TDs positive towards immigrants
A substantial number of TDs support equal access to third level education for the children of immigrants, according to a new survey.
The research, conducted by Millward Brown, shows a broadly positive attitude towards immigrants among 71 TDs who responded to a phone questionnaire. More than 50 per cent said they had spoken on immigrant rights in the Dáil since 2011 while 7 per cent said they intended to speak on the matter in future.
Some 82 per cent said they disagreed that children of migrant workers should have to pay international fees for third level education if they have already completed second level in Ireland.
The survey recorded support for more robust integration initiatives, with 68 per cent of respondents agreeing the school curriculum should be expanded to reflect the diversity of faith and culture in Ireland and 75 per cent agreeing that diversity training should be mandatory for all frontline staff.
Almost 60 per cent felt asylum seekers should be allowed to work while waiting for their applications to be processed, while 65 per cent of TDs believed highly qualified newcomers should have their applications for full working visas fast-tracked.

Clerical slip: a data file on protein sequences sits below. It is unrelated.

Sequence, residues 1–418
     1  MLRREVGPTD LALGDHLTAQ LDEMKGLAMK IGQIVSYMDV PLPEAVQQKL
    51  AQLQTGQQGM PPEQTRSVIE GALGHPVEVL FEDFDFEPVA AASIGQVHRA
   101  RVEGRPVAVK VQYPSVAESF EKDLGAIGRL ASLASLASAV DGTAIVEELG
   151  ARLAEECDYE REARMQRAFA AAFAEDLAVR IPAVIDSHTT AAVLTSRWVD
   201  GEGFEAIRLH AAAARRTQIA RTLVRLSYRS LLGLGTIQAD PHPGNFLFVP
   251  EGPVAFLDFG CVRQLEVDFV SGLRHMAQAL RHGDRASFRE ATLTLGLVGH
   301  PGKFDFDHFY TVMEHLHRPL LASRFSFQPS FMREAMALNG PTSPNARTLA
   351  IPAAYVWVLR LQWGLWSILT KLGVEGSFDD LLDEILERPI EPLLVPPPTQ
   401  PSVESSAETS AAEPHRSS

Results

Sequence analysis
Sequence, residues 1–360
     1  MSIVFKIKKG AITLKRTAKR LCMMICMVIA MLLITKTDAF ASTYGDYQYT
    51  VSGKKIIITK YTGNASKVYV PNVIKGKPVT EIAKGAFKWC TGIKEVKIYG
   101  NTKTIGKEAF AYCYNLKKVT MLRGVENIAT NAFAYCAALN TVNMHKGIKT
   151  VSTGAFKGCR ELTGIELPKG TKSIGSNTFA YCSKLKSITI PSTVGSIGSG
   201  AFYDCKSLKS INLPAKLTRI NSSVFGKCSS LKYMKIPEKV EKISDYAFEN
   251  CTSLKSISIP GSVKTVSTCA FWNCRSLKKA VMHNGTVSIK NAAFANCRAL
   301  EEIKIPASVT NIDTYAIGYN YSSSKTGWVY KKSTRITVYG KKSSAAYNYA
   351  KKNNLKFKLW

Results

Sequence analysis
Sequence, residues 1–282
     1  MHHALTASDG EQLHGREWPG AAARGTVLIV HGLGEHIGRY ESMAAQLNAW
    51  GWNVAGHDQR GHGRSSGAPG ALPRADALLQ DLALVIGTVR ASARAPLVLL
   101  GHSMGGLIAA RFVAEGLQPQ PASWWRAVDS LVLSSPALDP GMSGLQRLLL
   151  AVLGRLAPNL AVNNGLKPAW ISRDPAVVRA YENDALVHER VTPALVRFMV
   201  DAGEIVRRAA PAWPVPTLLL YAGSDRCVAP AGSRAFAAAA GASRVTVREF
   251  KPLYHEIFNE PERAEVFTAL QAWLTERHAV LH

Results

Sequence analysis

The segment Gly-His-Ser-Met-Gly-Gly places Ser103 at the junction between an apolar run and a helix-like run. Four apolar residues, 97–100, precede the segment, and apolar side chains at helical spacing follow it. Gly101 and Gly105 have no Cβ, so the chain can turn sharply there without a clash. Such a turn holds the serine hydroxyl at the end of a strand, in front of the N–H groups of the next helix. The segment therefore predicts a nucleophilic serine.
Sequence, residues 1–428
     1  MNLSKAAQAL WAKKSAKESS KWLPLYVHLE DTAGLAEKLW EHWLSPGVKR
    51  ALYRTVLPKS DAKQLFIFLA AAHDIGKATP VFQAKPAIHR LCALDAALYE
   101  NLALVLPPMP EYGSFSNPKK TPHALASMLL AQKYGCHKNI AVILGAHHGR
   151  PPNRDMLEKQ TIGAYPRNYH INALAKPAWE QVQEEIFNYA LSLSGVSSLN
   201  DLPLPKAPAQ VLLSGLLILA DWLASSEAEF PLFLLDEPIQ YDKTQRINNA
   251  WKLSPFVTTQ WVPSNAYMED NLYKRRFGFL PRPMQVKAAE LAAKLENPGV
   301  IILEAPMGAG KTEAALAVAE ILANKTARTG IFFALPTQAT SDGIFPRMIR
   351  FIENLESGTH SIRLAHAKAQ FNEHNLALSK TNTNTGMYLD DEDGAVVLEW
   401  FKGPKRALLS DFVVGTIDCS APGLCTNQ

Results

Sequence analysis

Three quarters agreed immigrants have an important role to play in the recovery of the Irish economy and 63 per cent believe immigrants’ skills are under-utilised. Nearly half feel the media does not cover issues affecting asylum seekers positively.
The survey also recorded a division of opinion over which authority should have responsibility for immigrant issues, with 38 per cent of respondents agreeing and the same number disagreeing that the Minister for Justice should have absolute discretion over citizenship approvals.
One in three TDs are unfamiliar with anti-racism strategies in their own constituencies and more than half believe there is a need for a national body to co-ordinate local authority integration policies.
Launching the findings, Integration Centre chief executive Killian Forde said the Offices for the Promotion of Migrant Integration should be moved from the Department of Justice to the Department of the Environment, Local Government and Community.
“You have a gap between the local authorities and national government on the issue of integration. The OPMI can’t fulfil that issue in the Justice Department, put them into the Department of the Environment. It makes much more sense,” he said.